Nobody wants this, it doesn’t accomplish anything, and it will bankrupt us. Let’s hope it does prove to be unconstitutional.

  4. steve says:

    People without insurance want this, it will insure almost everyone who really wants insurance and it adds a relatively small amount to the budget. (Actually, it is unclear to me who will not be covered and why. Anyone have a link?) For those of us with insurance, it means that rescission cannot affect us. It means that people with illnesses will be able to get insurance.

    What it does not do is definitively address costs. It sets up pilot programs to to address costs, which may be a better way to go as the health system is so large and so complex, that for any proposed solution, I can think of many reasons why it will not work, which means that brighter people can se those also. I would rather find out what works, then expand it.


  5. davod says:

    “it will insure almost everyone who really wants insurance” And forces those who don’t want insurance to get insurance.

    As I posted earlier. The majority of the 30 million uninsured already qualify for government insurance, millions more could afford to buy insurance but choose not to, and the number not covered undre the new legislation adds up to the estimate of the really unable to get insurance – about 18 million.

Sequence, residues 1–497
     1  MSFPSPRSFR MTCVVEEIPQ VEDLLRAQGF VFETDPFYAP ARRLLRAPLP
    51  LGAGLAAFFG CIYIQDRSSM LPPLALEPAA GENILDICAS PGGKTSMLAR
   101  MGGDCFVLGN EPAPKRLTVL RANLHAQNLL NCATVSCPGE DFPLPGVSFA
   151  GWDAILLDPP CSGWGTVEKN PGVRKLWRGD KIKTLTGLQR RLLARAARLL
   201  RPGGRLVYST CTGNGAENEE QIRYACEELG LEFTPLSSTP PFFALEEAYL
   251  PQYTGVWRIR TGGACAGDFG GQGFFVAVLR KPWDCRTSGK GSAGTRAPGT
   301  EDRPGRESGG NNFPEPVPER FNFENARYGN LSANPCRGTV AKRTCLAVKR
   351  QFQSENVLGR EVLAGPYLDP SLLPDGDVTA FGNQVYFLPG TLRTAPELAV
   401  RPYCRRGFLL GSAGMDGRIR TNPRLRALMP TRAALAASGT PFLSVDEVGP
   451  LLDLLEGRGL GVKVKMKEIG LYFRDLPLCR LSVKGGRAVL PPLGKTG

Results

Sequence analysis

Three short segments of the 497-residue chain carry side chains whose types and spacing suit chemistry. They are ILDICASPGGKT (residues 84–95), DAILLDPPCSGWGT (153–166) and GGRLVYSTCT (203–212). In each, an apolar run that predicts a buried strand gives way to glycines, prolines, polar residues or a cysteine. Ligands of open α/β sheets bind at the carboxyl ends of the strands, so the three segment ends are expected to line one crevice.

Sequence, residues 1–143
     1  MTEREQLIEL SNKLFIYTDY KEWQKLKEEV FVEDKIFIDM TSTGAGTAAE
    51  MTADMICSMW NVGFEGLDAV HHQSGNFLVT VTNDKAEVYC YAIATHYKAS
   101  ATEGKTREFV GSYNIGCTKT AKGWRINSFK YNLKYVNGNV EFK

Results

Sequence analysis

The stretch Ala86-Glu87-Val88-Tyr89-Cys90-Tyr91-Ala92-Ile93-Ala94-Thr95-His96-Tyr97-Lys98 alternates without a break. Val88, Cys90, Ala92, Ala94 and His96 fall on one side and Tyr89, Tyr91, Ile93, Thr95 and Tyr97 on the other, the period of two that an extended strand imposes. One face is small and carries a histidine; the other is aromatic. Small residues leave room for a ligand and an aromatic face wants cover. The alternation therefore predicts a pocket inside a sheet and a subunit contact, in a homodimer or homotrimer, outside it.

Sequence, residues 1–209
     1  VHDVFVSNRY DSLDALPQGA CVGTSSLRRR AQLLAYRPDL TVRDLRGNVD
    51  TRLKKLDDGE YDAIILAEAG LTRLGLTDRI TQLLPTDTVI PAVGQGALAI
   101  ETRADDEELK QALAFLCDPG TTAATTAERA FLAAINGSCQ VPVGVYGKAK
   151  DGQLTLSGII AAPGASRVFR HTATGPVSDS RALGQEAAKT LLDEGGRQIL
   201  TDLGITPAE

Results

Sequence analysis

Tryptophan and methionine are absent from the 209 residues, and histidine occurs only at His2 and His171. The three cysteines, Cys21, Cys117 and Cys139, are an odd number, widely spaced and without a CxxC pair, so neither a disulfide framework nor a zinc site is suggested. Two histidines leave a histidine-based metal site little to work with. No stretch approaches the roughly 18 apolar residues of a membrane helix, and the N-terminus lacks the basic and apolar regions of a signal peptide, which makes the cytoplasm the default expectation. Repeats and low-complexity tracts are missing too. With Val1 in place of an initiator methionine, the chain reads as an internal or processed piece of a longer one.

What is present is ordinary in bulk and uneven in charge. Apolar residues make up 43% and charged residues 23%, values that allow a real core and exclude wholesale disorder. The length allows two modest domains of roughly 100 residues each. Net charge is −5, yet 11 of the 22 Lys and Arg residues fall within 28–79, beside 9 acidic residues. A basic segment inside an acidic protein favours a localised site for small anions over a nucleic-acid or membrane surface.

6. Rick DeMent says:

    …of course there will be mission creep,we are going to have to fix the bill that the republicans and blue dogs screwed up.

  7. Pete says:

    Rick, how about constructive comments versus partisan pot shots? You might start with this link to give you another perspective.: http://online.wsj.com/article/SB10001424052748704398304574598130440164954.html

  8. Rick DeMent says:

    I’m sorry but the best shot at bending the cost curve was a non starter for Republicans and Blue dogs so it had to get taken out. That will have to be fixed later, they had a chance at being constructive and they blew it so score partisan political points wit the mouth breathing Tea bag set who, as a group are nothing more then a walking blathering bag full of hypocrisy and contradictions.

    I don’t have to read the WSJ to know that they will claim it’ is a takeover by the government, cost too much, reduce choice (as if anyone has choice now) blah blah blah. I’ve read both sides and am more convinced then ever that the only way to contain costs and deliver the most health care, to the most people at the lowest price is single payer but you know what … we don’t get what we want.

    But don’t start pointing fingers and screaming that i’m just a partisan tool when you know as well as I do that a much better bill (or at least a much more coherent bill) would have come out of the senate if it were not for the new threshold of 60 votes that is now required to pass laws in that house. Good luck when you get it back because a 60 vote majority of true “conservatives” will be more difficult to cobble together than 60 moderate democrats.